Fort Simpson couple share national honour at insistence of husband

John and Sharon Herring are a lot of things to the community of Fort Simpson.

John is the guy who shovels the snow at the church, works as a coroner, and is a former Justice of the Peace. Music is Sharon's domain — she plays for funerals, weddings and other ceremonies. They both spent decades teaching in the community.

The pair are celebrating 50 years in the North, and alongside that, a very special national honour.

John and Sharon Herring received the Senate Sesquicentennial Medal from former Senator Nick Sibbeston last Sunday in recognition of their "valuable service to the nation."

It's rare for two people to share this acclaim — it may even be the first time it's ever happened. But when Sibbeston called John up to let him know he'd been picked, he had a very important request.

"He wanted his wife Sharon to also be recognized [too]," said Sibbeston.

Sibbeston said he told John he wasn't sure if the medal program provides for two honourees, so he phoned Ottawa to float the idea.

"If you look at the medal today, it does says John and Sharon Herring," said John, with pride in his voice.

From fixing taxes to fixing glasses

John and Sharon first moved to Fort Simpson in the summer of 1973, but a truck carrying their worldly possessions didn't make it until October. So the couple spent their first few months in the community doing a lot of borrowing.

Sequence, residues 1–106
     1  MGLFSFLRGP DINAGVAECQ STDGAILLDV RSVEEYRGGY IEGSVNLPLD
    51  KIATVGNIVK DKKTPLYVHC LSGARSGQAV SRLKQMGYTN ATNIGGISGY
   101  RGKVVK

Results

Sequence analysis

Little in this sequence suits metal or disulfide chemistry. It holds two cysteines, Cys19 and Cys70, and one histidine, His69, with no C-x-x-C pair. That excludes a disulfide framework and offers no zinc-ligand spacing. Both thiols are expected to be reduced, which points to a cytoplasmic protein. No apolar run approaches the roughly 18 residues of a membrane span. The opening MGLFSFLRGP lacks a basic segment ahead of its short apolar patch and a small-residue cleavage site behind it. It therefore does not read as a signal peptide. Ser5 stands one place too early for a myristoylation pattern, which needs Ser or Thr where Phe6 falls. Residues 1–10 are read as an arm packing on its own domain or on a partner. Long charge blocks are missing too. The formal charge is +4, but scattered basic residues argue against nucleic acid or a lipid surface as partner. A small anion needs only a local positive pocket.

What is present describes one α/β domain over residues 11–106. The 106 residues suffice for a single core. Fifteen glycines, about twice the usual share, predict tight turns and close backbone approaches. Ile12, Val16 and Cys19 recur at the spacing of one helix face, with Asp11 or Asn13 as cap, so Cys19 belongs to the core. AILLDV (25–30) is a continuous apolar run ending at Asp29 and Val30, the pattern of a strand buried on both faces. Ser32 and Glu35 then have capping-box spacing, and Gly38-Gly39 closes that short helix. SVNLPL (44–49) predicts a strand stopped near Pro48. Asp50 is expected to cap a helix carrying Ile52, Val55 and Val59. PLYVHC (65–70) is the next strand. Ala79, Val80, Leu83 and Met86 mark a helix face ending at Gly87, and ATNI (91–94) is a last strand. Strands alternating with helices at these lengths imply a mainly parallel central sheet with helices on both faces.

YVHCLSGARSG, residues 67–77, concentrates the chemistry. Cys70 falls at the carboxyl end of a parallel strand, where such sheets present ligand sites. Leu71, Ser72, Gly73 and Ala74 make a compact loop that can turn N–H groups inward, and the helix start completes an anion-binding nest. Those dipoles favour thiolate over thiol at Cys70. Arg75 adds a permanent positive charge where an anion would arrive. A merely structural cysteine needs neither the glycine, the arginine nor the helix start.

"Especially winter coats when it got into October," laughed John.

The couple says their situation wasn't a problem because the people of Fort Simpson were happy to help. And that support definitely goes both ways.

"We have lots of people with lots of things that need to be done," said Sharon. "Right now, it's income tax or it's notary public, or it's coroner work or it's people who need their mail read so they can understand it."

"Occasionally people come along saying they have a letter to write and they need some help, or somebody says they have a toboggan that needs fixing up," added John, which prompted Sharon to remember another way they've helped recently.

"Or I broke my glasses, so we need a new arm for my glasses," she said.

Sharon says it's hard to put into words how it feels to receive the Senate Sesquicentennial honour. But she did find one to describe it — humbled.

"We live in a wonderful community," she said.

"We have a lot of people here who are very dear to our hearts and it's just been a really, really good journey. Not without tears, not without hard things. We've wept with the community, we've laughed with the community and we've supported where we could. It's been like no other experience."